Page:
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John Weaver, former strategist for John Kasich, will lobby on behalf of the Tenam Corporation, a subsidiary of Rosatom, the Russian state-owned nuclear energy company. | Eric Piermont/Getty Images

politics

Kasich adviser will lobby against potential Russia sanctions

John Weaver, the top strategist for John Kasich’s presidential campaign in 2016, has registered as a foreign agent and plans to lobby against potential sanctions on Russia.

Weaver signed a contract last month to lobby on behalf of the Tenam Corporation, a subsidiary of Rosatom, the Russian state-owned nuclear energy company.

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Weaver will lobby Congress and the Trump administration on “sanctions or other restrictions in the area of atomic (nuclear) energy, trade or cooperation involving in any way the Russian Federation,” according to a disclosure filing.

The six-month contract is worth $350,000, plus expenses, with an option to extend if necessary. “Time is of the essence in the Agreement,” the contract reads, according to a copy filed with the Justice Department.

It’s not clear exactly what sanctions Weaver will be lobbying against. Sens. Lindsey Graham (R-S.C.) and Bob Menendez (D-N.J.) introduced legislation in February to beef up sanctions on Russia, which would curtail the amount of uranium that could be imported from Russia starting in 2021, among other provisions. The bill hasn’t made it out of committee.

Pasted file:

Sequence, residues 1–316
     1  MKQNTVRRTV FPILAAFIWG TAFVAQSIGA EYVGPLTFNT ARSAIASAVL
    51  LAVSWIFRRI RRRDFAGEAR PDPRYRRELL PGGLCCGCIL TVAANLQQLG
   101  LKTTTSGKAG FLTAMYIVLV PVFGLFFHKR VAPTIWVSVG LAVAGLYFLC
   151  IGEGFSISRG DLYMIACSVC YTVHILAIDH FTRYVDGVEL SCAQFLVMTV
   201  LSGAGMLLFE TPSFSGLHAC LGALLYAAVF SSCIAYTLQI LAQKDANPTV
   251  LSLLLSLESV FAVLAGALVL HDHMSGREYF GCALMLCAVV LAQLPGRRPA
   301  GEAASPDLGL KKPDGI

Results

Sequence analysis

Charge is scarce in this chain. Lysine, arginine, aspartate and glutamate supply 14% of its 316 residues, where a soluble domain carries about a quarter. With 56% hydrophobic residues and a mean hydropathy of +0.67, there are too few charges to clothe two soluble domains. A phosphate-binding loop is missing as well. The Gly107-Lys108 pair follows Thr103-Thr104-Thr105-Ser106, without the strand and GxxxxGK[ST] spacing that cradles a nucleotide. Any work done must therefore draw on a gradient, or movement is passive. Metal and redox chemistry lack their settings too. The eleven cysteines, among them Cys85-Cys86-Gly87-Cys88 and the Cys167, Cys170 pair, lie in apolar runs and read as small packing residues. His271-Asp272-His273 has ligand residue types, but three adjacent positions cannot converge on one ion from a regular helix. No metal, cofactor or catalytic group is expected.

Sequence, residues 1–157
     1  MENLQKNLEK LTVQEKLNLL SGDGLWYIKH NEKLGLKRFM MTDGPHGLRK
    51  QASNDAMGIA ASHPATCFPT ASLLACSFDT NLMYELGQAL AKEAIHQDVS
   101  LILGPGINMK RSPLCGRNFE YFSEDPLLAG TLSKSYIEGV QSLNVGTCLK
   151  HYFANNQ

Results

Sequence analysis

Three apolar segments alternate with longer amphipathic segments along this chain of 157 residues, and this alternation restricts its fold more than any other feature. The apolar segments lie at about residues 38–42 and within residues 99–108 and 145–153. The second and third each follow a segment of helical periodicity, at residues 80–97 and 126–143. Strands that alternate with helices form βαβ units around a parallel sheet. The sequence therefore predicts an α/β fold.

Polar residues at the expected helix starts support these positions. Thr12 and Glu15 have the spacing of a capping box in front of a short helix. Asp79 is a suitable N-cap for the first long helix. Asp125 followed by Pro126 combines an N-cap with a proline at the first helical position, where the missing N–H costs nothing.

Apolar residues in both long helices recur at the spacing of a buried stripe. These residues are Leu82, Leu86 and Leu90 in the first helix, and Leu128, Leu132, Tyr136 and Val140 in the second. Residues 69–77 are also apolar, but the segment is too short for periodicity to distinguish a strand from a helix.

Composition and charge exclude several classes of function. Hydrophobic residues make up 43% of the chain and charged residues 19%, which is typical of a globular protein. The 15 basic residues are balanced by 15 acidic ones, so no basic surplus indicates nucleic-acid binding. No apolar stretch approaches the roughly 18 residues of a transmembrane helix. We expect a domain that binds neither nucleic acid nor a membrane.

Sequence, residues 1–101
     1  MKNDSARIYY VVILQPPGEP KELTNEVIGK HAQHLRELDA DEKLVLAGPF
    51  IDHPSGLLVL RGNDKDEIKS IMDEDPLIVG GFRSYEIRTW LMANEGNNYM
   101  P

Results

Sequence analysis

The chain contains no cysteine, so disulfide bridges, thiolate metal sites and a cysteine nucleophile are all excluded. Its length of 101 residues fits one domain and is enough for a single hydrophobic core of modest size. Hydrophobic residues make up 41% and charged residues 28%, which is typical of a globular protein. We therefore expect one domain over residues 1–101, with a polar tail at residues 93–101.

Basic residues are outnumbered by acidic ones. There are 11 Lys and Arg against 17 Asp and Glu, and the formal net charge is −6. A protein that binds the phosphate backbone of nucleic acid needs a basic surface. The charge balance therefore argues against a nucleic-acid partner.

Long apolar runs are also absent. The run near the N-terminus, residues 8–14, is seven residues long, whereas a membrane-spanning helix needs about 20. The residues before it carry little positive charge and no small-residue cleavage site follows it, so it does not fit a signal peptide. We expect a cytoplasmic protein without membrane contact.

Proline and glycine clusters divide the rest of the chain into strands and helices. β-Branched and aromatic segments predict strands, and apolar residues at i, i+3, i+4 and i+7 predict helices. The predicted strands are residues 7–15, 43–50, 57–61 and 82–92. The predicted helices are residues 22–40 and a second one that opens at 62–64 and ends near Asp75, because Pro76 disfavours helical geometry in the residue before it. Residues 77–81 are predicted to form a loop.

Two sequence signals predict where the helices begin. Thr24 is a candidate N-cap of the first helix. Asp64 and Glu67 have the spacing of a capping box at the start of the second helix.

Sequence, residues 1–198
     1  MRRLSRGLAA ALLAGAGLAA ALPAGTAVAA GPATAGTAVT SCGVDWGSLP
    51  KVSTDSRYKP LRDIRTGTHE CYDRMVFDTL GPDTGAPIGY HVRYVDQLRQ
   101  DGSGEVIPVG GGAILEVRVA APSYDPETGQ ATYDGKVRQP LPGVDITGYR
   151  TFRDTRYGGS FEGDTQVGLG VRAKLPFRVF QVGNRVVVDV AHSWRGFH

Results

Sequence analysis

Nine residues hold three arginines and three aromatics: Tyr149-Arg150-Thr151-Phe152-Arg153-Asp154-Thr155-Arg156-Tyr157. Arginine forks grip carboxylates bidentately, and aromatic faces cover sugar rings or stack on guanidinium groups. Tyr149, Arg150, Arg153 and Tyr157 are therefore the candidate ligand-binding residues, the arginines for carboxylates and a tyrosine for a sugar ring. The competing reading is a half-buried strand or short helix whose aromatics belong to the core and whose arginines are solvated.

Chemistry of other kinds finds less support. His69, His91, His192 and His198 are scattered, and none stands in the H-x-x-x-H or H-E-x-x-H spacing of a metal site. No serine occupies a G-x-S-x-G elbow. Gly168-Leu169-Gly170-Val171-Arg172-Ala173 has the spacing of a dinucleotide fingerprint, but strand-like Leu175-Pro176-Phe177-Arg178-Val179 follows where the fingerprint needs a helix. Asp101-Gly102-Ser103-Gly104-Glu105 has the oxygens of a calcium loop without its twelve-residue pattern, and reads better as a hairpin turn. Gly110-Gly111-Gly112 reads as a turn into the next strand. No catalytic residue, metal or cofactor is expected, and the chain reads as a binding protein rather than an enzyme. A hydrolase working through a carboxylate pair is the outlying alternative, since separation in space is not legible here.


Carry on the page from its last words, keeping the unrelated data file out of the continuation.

Weaver is a longtime Republican operative who served as Kasich’s chief strategist during his 2016 presidential campaign and has continued to advise him. He told the Associated Press in February that Kasich was leaning toward challenging President Donald Trump in the GOP primary.

Weaver is also a former adviser to John McCain’s presidential campaigns. He couldn’t immediately be reached for comment.

Fletcher Newton, Tenam’s president, said in an interview the company hired Weaver to head off legislation that would make it harder for American utilities and nuclear power plants to buy nuclear fuel from Russia.

Weaver will “work with Congress and, hopefully, make sure they don’t come up with something vis-a-vis Russia that ends up hurting the United States,” he said.

Tenam hired Weaver after asking for recommendations, Newton said, although he declined to say who recommended him.

“I can tell you it’s about as good a recommendation as anybody could ask for,” he said.

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